Google Trends also shows that in the U.K. there has been an increasing search interest for support scheme ‘self-employment income’ (‘self employment income’) and in Spain for ‘minimum vital income’ ('ingreso minimo vital'), the new social security scheme introduced in the country for vulnerable single-parent households. The new Spanish scheme will be permanent, so it’ll be interesting to see what other changes introduced during the pandemic in different countries will be here for the long-term.

3. How people feel: Staying fit during lockdown through exercise and a healthy diet

As many countries across EMEA have been in various degrees of lockdown for a fair few months now, it is no surprise that many people are prioritising their mental and physical health, even if it’s from the confines of their own homes. In many countries gyms and fitness studios have been closed and consumers are travelling and commuting less, all of which is taking a toll on their fitness levels and general wellbeing.

Google Trends shows an increasing search interest for ‘mental health’ ('الصحة النفسية') in Egypt, ‘yoga journal’ ('diario de yoga') in Spain, ‘exercise bike’ ('exercise bike) in South Africa, ‘Keto diet’ ('dieta ketogeniczna') in Poland, and ‘how many calories per day’ ('günde kaç kalori') in Turkey.

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And, where allowed, consumers are also exploring when and where they can venture outside, with an increase in searches in recent weeks for ‘fitness studio’ ('fitnessstudio') in Germany, where lockdown measures have significantly eased-up, and ‘tennis courts’ ('tennis courts') in the U.K.

4. How people learn: Searches increase for niche ‘how to’ categories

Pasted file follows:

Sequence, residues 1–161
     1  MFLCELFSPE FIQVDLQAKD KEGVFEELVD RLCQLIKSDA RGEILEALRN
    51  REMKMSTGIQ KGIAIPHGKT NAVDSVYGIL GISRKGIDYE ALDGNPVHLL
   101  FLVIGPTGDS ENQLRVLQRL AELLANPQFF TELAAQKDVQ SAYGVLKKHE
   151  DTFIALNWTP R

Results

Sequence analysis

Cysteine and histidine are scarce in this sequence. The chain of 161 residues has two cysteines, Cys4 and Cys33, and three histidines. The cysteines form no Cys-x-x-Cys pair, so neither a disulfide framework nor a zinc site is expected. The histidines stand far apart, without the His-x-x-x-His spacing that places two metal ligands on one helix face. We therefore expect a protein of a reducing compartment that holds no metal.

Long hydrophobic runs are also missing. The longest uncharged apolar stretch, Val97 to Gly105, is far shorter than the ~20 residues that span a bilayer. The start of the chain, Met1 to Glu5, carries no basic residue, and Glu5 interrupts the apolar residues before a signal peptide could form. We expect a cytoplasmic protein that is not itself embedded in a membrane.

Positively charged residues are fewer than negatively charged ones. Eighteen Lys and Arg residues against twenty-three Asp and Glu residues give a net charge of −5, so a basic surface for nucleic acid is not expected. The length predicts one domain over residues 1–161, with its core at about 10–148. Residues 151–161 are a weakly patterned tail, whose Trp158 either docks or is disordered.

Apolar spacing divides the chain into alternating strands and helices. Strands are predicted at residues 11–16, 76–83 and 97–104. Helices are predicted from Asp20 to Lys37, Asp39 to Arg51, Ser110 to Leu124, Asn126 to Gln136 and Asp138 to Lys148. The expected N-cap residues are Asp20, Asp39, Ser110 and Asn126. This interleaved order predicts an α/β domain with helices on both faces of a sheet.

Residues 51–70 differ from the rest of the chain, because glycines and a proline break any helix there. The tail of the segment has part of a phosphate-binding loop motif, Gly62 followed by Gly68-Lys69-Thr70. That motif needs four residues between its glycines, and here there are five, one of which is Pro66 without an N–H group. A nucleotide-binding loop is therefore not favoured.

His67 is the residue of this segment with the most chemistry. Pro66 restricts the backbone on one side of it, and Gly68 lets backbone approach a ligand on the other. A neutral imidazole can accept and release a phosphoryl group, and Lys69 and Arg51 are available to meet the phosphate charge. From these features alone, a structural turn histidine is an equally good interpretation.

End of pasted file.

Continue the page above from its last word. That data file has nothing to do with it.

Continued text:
While in some countries in EMEA schools are slowly reopening, that doesn’t mean there has been a slowdown in online learning searches. Online education remains top of mind for both people in traditional education and those using their newfound time at home to learn new skills. In recent weeks, Google Trends also shows an increasing interest for more niche ‘how to’ categories, as consumers are getting more inventive in their search for new knowledge.

Consumers in Turkey searched for ‘online exam publications’ ('yayınları online') and ‘language learning’ ('dil öğrenme'), and in the United Arab Emirates for ‘distance learning’ ('التعلم عن بعد'). While people in Poland have been searching for ‘home remedies’ ('domowe sposoby'), in the U.K. for ‘how to look after’ tadpoles, orchids, kittens, and more ('how to look after'), in Nigeria for ‘how to cut’ clothes, corsets, etc. ('how to cut'), and in Egypt for ‘how to write’ references, essays, research papers, and more ('how to write').

5. What people do: Change in consumer behaviour and search interest

Across EMEA, retail categories such as apparel and consumer electronics are starting to rise to pre-pandemic levels again as people are looking to upgrade their wardrobes and personal electronics.

In recent weeks consumer behaviour and search interest grew for ‘checkered pants’ (‘ternet bukser’) in Denmark, ‘plus size clothing’ ('ropa tallas grandes') in Spain, ‘sneakers for’ ('sneakers for') and ‘smart TV’ ('smart tv') in South Africa, ‘women’s wallet’ ('portfel damski') in Poland, ‘gaming monitor’ ('gaming monitor') in the U.K., ‘bluetooth speaker’ ('bluetooth speaker') in Belgium, and ‘laptop’ ('laptop') in Nigeria.

And on the property front, the real estate category is also on the rise. Google Trends shows a particular increase in search interest for ‘house for sale’ in Belgium ('huis te koop') and France ('maison a vendre'), and ‘house to rent’ ('casas en alquiler') in Spain.

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Explore more consumer search behaviour trends

You can view all our recent trends analyses in our search insights collection. While we provide a regularly updated snapshot of consumer behaviour changes and trends across EMEA, we understand it may be helpful to review the information more frequently, or for a specific country or region. To explore further insights, here are 10 tips for using Google Trends. By entering a keyword or a topic into the tool, you can explore what the world is searching for in near real time.

Lucy Sinclair

Lucy Sinclair

Director, Market Insights EMEA Google